Vinsamlegast notið þetta auðkenni þegar þið vitnið til verksins eða tengið í það: http://hdl.handle.net/1946/20597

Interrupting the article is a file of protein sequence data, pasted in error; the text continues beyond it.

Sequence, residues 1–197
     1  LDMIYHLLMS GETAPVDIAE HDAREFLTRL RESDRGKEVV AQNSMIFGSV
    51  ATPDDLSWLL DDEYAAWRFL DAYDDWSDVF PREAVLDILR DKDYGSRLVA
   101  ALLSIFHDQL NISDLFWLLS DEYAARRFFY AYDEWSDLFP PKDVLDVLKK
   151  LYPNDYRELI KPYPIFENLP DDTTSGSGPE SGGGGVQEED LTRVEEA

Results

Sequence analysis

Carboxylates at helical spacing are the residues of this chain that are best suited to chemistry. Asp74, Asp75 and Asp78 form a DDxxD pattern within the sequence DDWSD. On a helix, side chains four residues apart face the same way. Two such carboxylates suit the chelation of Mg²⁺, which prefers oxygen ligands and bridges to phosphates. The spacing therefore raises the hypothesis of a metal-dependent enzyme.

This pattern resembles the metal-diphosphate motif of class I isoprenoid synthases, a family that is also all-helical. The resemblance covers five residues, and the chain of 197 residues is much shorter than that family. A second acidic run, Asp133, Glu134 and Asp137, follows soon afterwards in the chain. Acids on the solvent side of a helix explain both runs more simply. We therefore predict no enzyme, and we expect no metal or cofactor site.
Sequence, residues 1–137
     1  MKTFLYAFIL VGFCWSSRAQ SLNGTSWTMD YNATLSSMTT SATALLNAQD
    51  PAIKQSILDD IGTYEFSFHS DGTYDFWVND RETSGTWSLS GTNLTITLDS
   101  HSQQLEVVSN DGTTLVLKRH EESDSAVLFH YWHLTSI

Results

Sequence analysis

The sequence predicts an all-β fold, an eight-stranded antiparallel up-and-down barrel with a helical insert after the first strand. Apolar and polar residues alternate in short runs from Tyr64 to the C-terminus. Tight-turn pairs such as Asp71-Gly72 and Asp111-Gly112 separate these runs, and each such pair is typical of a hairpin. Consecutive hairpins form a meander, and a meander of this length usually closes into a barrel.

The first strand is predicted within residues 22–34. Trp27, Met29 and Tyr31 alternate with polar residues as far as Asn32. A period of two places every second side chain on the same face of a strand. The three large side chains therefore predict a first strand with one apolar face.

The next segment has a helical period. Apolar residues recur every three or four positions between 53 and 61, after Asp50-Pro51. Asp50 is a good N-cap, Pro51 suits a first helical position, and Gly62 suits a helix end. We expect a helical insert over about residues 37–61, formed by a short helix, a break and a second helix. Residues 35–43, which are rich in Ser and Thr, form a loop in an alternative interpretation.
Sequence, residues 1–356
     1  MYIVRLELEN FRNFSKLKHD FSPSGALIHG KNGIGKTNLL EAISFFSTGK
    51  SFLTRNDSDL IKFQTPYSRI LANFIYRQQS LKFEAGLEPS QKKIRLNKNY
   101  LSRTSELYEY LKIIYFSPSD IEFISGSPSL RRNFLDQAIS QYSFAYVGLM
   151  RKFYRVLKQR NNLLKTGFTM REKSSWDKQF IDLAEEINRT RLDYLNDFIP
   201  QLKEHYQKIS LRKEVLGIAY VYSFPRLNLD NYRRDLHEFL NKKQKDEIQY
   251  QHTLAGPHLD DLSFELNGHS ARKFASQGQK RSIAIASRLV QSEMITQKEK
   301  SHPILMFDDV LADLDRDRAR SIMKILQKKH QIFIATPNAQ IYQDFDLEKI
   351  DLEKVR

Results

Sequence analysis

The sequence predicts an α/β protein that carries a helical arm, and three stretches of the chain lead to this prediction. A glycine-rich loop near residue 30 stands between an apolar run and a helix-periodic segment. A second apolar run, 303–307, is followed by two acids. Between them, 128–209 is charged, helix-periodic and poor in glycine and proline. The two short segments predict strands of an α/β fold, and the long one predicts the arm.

Avian erythroblastosis virus (AEV) which carries two oncogenes, v-erbA and v-erbB causes erythroleukemia and sarcomas in young chickens and transforms embryo fibroblasts and bone marrow cells in culture. The v-erbA oncogene encodes an aberrant version of a gene for a nuclear thyroid hormone receptor (c-erbA, TR) and functions in neoplasia by blocking erythroid differentiation and by altering the growth properties of fibroblasts. Owing to the multiple point mutations and a small C-terminal deletion, v-erbA has lost the ability to bind T3, but still binds to DNA in a sequence-specific fashion. The phenotypic effects of v-erbA are correlated with and probably caused by v-erbA-mediated repression of a set of erythrocyte-specific genes, but their expression seems to be required during normal erythrocyte maturation. In differentiating erythroblasts the v-erbA oncoprotein specifically arrests expression of the avian erythrocyte anion transporter (band 3), CAII and ALA-S genes at the transcriptional level. Overexpression of the TK is required to modulate erythrocyte-specific gene expression in the presence of T3. The v-erbA oncogene might act as a constitutively active repressor of erythrocyte gene transcription, having lost its ability to depress (or activate) these genes in response to T3 or even retinoic acid.